Hans Remembers- Sunday August 30, 1970- 50 Years Ago. Sometimes the ordinary obscure person is involved an event that they will be remembered by the world forever for- on November 22, 1963 that happened to a Russian-Ukrainian born-American clothing manufacturer with a home movie camera. Abraham Zapruder was his name- at the time he was […]HANS REMEMBERS- SUNDAY AUGUST 30, 1970- 50 YEARS AGO — slicethelife
This line up shows Peter Banks on guitar and vocals and Tony Kaye on keyboards, a year before they were replaced by Steve Howe and Rick Wakeman, forming what some still regard as the ‘classic’ Yes lineup — there have been many changes since.
Eclectic rock might be the better word for this style of music. Yes went on to be one of the very best exponents of this genre, in my opinion.
There have been many books written about John Fitzgerald Kennedy and his brother, Robert Francis Kennedy, both victims of assassination. In my opinion this is one of the best.
Impeccably researched, this book, ‘The Brothers’ (Pocket Books/Simon & Schuster), written by David Talbot, roughly covers that roller coaster period from JFK‘s inauguration on January 20 1961 to the assassination of RFK on June 6 1968. It was a relatively short period of nearly seven and a half years, yet the whole world had been transformed — and mostly not for the better in my opinion.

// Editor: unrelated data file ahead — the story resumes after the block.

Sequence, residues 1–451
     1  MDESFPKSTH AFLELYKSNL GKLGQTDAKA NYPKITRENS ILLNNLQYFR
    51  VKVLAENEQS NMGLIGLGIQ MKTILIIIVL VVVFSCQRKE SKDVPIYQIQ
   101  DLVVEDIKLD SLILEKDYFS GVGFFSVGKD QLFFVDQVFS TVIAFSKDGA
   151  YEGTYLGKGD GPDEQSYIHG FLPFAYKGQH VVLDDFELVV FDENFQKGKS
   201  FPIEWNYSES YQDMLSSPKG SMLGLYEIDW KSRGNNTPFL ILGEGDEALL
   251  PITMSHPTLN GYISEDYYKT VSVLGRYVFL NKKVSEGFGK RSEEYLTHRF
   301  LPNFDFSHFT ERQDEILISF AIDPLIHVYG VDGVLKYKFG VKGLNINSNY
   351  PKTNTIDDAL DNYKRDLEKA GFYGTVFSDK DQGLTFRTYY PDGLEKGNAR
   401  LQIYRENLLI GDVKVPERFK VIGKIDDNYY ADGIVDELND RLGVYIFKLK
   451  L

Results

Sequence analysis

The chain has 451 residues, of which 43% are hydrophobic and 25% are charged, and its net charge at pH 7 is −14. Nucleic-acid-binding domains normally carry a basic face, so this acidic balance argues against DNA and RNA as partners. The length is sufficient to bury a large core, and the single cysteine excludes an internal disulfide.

Disaster and Tragedy
For me what makes this book stand out is the sheer number of interviews (150+) the author has carried out, with people who were there and in the know. For example, leaders like Fidel Castro of Cuba and Che Guevara seem to emerge like more rounded figures, not merely the one dimensional characters often portrayed in most media over the last sixty years.